You Don’t Have to Like Julian Assange to Be Outraged by the Charges Against Him

Whatever you may think of Julian Assange (I’m not a big fan), indicting him under the Espionage Act—as the Justice Department did Thursday—is an ill-founded, ham-fisted move that endangers free speech for all Americans.

A month ago, Justice issued a single-count indictment against Assange, charging him with conspiracy to break into a computer containing classified information, a crime punishable with up to five years in prison. It was a clever bit of business, nabbing the founder of WikiLeaks, who has done some serious damage to U.S. security, for one of his lesser offenses in a way that addressed the method by which he tried to obtain some information—not his right to receive or publish it.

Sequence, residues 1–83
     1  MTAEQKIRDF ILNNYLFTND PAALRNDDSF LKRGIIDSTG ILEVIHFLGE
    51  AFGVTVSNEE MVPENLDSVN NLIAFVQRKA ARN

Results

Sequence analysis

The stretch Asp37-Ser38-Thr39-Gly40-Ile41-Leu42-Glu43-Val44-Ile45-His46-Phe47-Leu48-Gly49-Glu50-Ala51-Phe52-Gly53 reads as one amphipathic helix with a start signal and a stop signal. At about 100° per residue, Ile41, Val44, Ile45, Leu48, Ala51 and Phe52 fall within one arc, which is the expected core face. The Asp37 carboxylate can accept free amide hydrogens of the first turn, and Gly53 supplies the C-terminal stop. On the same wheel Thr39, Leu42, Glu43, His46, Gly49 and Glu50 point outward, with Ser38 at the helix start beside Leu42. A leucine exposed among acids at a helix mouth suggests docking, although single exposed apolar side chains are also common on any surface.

Now we see this was just a ploy. Thursday’s 18-count indictment goes after him explicitly for receiving and publishing classified materials. By the indictment’s logic, hundreds of journalists could be arrested for simply doing their jobs.


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